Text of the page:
Ruth 1:14-18 “And they lifted up their voices and wept again; and Orpah kissed her mother-in-law, but Ruth clung to her.
15 Then she said, “Behold, your sister-in-law has gone back to her people and her gods; return after your sister-in-law.” 16 But Ruth said, “Do not urge me to leave you or turn back from following you; for where you go, I will go, and where you lodge, I will lodge. Your people shall be my people, and your God, my God. 17 Where you die, I will die, and there I will be buried. Thus may the Lord do to me, and worse, if anything but death parts you and me.”
This particular text has personal meeting to me due to the fact it was used in our wedding some 20 years ago. Undoubtedly the context of Ruth 1:14-18 is referring to a confession of faith. When my wife and I got married, we aimed to build our marriage on our individual and common faith commitment to the Lord Jesus Christ. Today’s post features the dramatic confession of faith by Ruth the Moabitess.
The first chapter of Ruth has been building up to this scene. What choice would Ruth make once her mother-in-law Noami pressed both she and Orpah to go back to their native land? As can be seen in the above rendering of Ruth 1:14-16 from the NASB, Ruth and Orpah both hesitate, with Ruth clinging to Naomi. Orpah eventually leaves, but Ruth remains – determined not to leave Naomi.
Ruth 1:16 gives us the dramatic confession and resolve of Ruth, again rendered from the NASB: “But Ruth said, “Do not urge me to leave you or turn back from following you; for where you go, I will go, and where you lodge, I will lodge. Your people shall be my people, and your God, my God.” The underlying Hebrew text of this verse is quite dramatic. I will place the corresponding Hebrew verbs and nouns in red to match with the words highlighted in red in the NASB text: וַתֹּ֤אמֶר רוּת֙ אַל־תִּפְגְּעִי־בִ֔י לְעָזְבֵ֖ךְ לָשׁ֣וּב מֵאַחֲרָ֑יִךְ כִּ֠י אֶל־אֲשֶׁ֨ר תֵּלְכִ֜י אֵלֵ֗ךְ וּבַאֲשֶׁ֤ר תָּלִ֙ינִי֙ אָלִ֔ין עַמֵּ֣ךְ עַמִּ֔י וֵאלֹהַ֖יִךְ אֱלֹהָֽי׃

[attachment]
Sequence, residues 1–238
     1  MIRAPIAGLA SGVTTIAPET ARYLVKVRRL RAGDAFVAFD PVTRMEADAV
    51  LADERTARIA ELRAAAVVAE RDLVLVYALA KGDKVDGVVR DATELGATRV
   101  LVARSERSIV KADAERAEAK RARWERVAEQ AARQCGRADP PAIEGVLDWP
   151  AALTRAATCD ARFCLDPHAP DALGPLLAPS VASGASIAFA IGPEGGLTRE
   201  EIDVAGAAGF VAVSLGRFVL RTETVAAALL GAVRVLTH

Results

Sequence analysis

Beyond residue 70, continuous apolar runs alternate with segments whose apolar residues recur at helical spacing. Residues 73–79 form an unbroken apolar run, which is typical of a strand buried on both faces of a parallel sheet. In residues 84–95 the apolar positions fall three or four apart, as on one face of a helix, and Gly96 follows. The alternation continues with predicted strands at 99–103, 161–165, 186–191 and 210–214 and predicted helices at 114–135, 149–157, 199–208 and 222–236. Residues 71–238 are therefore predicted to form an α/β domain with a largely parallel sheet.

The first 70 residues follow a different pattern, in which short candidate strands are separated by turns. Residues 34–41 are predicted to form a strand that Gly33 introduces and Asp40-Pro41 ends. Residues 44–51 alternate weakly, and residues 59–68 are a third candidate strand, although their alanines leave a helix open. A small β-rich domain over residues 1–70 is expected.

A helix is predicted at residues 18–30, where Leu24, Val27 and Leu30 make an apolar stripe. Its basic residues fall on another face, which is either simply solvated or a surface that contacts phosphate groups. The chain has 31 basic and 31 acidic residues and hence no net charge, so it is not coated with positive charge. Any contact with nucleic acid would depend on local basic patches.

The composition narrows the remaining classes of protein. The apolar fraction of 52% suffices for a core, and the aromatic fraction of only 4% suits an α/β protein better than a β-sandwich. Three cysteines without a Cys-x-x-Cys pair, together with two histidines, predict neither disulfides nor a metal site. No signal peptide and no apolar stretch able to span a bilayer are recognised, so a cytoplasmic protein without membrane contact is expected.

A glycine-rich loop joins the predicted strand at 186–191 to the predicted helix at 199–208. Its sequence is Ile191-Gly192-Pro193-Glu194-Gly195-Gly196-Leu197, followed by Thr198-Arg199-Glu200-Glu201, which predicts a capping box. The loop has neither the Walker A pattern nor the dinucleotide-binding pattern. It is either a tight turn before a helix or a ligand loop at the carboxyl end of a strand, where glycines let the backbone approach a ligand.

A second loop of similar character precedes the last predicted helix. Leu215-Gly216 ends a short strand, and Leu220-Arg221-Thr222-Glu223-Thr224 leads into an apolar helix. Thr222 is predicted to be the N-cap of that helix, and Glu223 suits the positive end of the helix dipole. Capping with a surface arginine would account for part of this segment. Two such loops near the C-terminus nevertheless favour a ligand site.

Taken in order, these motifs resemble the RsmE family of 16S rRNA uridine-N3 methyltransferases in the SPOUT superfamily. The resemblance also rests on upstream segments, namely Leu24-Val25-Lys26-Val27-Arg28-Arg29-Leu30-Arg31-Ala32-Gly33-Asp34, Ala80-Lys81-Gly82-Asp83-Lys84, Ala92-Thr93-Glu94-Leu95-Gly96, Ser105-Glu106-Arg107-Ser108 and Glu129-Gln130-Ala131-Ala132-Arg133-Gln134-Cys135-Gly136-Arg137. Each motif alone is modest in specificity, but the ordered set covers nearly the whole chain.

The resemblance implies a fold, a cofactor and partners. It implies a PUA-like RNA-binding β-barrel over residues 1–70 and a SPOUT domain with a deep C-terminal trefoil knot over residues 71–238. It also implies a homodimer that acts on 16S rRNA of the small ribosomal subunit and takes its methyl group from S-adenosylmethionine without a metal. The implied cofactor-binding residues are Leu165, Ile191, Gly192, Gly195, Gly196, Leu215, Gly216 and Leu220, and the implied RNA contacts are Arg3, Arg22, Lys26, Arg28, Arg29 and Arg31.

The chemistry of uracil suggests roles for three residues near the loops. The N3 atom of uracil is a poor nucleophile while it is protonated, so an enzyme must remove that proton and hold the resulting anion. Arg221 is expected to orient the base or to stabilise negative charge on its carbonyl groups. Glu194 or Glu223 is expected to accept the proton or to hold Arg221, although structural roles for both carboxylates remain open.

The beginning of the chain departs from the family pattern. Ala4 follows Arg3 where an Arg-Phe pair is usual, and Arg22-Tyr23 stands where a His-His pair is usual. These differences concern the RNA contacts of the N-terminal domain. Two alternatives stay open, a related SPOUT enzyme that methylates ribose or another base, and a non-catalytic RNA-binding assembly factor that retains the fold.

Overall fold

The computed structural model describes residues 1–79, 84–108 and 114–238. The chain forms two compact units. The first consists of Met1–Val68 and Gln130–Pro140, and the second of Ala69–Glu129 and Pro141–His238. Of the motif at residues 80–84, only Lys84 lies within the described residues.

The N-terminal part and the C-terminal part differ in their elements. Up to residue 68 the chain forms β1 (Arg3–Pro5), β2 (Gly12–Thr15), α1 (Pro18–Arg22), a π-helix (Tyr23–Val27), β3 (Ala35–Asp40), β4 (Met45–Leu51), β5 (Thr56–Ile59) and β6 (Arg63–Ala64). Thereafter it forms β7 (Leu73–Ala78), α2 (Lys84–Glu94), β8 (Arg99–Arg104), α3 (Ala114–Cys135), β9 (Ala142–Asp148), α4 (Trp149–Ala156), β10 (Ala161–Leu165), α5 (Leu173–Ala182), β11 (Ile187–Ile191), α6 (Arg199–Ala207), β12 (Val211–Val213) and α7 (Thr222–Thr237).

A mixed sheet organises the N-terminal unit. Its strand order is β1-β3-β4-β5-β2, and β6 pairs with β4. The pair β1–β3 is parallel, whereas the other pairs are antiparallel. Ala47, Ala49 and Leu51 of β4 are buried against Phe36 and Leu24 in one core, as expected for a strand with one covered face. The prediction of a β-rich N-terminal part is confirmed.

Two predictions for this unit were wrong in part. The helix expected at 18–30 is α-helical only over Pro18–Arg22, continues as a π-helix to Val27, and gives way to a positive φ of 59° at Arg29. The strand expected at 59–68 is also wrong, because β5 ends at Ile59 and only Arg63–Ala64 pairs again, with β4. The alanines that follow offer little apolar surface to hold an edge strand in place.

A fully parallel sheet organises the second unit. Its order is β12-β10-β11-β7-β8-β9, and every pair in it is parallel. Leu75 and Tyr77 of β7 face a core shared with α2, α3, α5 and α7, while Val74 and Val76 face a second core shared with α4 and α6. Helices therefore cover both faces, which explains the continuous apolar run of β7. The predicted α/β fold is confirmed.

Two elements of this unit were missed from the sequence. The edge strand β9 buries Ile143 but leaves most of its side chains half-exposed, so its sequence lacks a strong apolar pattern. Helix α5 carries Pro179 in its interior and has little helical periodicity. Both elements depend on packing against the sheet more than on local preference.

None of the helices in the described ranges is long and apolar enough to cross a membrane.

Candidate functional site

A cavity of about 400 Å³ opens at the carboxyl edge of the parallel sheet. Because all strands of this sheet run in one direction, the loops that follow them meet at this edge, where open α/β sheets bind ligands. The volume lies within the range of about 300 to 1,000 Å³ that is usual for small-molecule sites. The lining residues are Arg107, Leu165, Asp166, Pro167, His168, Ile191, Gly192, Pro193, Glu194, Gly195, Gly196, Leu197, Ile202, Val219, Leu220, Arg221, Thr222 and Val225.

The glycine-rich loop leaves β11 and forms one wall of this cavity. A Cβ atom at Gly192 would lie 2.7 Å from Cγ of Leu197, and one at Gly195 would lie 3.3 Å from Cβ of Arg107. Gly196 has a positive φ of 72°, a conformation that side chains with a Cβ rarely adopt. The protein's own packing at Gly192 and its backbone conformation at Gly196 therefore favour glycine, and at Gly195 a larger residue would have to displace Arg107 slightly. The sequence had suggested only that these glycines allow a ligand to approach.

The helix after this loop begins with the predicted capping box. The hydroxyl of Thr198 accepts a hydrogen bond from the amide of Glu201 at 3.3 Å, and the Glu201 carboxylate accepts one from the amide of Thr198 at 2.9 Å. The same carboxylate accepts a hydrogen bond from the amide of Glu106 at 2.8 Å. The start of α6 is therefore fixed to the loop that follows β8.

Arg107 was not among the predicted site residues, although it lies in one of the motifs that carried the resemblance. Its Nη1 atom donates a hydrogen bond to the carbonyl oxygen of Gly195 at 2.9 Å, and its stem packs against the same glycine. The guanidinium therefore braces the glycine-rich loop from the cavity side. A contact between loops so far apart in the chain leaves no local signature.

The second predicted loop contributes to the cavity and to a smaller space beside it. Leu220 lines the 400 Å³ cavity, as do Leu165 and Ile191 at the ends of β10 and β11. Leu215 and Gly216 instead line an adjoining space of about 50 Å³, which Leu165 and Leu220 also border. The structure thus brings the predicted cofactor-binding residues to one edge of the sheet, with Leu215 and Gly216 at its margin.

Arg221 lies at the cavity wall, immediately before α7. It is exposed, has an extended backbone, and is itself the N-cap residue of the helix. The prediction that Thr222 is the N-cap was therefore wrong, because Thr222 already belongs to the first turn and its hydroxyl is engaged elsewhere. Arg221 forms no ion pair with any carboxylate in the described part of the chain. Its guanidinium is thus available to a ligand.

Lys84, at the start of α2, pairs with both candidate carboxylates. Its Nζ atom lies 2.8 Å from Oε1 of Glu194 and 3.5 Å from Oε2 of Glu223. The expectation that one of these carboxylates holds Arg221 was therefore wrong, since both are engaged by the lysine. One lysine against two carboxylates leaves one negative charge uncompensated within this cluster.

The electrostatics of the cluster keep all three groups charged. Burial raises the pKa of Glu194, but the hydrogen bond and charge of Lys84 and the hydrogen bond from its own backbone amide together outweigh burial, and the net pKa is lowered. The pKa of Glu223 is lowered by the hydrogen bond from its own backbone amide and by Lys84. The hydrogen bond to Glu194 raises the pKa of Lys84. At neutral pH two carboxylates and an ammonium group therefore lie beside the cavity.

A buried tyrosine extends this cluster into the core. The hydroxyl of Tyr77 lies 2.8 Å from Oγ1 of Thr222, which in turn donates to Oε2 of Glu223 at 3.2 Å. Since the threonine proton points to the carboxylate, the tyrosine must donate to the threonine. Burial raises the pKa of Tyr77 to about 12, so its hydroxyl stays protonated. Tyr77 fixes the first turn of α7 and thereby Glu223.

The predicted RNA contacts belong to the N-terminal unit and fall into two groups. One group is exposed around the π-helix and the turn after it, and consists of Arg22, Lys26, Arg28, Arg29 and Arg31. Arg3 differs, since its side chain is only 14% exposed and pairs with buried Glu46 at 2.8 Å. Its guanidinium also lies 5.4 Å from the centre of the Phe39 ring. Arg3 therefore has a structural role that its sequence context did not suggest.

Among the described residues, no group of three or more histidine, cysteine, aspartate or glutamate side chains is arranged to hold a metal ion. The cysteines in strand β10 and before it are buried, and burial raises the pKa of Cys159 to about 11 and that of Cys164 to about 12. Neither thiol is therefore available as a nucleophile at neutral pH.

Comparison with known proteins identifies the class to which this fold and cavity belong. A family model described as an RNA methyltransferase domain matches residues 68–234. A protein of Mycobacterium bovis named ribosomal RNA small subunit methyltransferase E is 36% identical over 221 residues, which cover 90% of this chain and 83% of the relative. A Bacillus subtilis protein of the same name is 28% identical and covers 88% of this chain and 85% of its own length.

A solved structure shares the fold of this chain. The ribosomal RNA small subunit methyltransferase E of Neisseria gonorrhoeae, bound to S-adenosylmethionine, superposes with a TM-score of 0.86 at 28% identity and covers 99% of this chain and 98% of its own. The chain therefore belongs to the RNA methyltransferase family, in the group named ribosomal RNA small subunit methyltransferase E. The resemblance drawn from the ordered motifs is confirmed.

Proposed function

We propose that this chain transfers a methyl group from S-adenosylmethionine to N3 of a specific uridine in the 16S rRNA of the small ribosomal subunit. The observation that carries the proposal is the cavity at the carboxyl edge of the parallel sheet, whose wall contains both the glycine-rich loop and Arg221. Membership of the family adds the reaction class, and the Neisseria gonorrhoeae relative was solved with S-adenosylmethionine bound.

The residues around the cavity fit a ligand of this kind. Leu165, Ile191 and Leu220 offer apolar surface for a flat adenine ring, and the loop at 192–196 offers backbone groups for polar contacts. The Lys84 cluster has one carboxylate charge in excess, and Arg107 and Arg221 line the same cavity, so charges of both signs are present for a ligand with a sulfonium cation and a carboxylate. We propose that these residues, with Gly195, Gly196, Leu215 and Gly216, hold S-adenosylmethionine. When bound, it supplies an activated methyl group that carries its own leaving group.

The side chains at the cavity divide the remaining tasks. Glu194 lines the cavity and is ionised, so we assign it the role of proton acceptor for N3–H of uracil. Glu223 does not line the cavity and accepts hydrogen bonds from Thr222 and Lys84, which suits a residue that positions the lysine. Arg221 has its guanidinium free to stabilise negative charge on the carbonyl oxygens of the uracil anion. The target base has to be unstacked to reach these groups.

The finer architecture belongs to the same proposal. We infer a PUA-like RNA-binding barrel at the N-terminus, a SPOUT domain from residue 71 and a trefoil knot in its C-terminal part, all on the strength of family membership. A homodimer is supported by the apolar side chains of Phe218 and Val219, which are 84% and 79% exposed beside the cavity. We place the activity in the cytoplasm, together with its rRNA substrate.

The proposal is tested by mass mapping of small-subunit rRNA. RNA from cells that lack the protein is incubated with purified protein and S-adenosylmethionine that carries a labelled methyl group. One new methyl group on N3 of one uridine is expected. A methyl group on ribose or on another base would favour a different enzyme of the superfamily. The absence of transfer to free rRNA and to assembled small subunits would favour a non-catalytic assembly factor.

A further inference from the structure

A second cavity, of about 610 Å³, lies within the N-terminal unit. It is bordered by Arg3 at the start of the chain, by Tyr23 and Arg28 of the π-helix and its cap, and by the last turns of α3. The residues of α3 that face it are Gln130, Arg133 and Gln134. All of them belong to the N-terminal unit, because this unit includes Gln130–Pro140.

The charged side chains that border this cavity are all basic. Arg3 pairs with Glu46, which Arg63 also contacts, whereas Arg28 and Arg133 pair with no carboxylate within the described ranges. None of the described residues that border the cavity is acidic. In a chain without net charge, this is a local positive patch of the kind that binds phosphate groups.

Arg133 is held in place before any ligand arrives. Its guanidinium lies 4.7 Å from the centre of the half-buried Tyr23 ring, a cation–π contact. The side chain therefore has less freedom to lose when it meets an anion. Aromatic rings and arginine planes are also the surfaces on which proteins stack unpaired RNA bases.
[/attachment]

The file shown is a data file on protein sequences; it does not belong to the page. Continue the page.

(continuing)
1. The first phrase
Note the little diamond above the second word, translated “I will go”. This little diamond symbol (the rebia) was used by Jews to signify an important word in the text. Clearly the beginning of Ruth’s confession is the reason for pointing out such significance.
2. Then notice the second and third phrases:
These are two verbs with the same verbal root. Throughout Ruth’s dramatic speech, we find her using verbs of the same root. We can see this same pattern in the third highlighted phrase: תָּלִ֙ינִי֙ אָלִ֔ין (you lodge, I will lodge).
The second verbs in both phrases are in the first person singular imperfect, indicating Ruth’s utter resolve to go wherever her mother-in-law goes and to lodge wherever she lodges.
3. Now notice the final highlighted sentences
עַמֵּ֣ךְ עַמִּ֔י וֵאלֹהַ֖יִךְ אֱלֹהָֽי
Ruth is literally saying here in these two final sentences: “your people, my people; you God, my God”. In English we supply the predicate “to be” (or in these cases: “are”) to smooth out the translation. The first and second words in each clause are equated, meaning that in Ruth’s confession, she is applying to herself Naomi’s nationality and faith. In other words, Ruth’s confession is now her own identification.
This dramatic confession of Ruth represents one of the key commitments of faith in the Hebrew Bible. In the New Testament we find amply places that urge people to make their own commitments of faith or “confession” in Jesus Christ (see for example Romans 10:9). Such confessions connect the outward behavior with the inward condition of the heart. Ruth’s confession was powerful due to her forsaking all she knew and was in favor of knowing Yahweh and being included in His covenant people. Jesus taught in passages such as Luke 9:23-24 that if anyone were to follow Him, they needed to deny themselves, take up their cross daily and follow Him. Confessing one’s faith in Jesus and following Him always costs. Though it may cost all to follow Him, the dividends for following the Lord pay far more than can ever be imagined.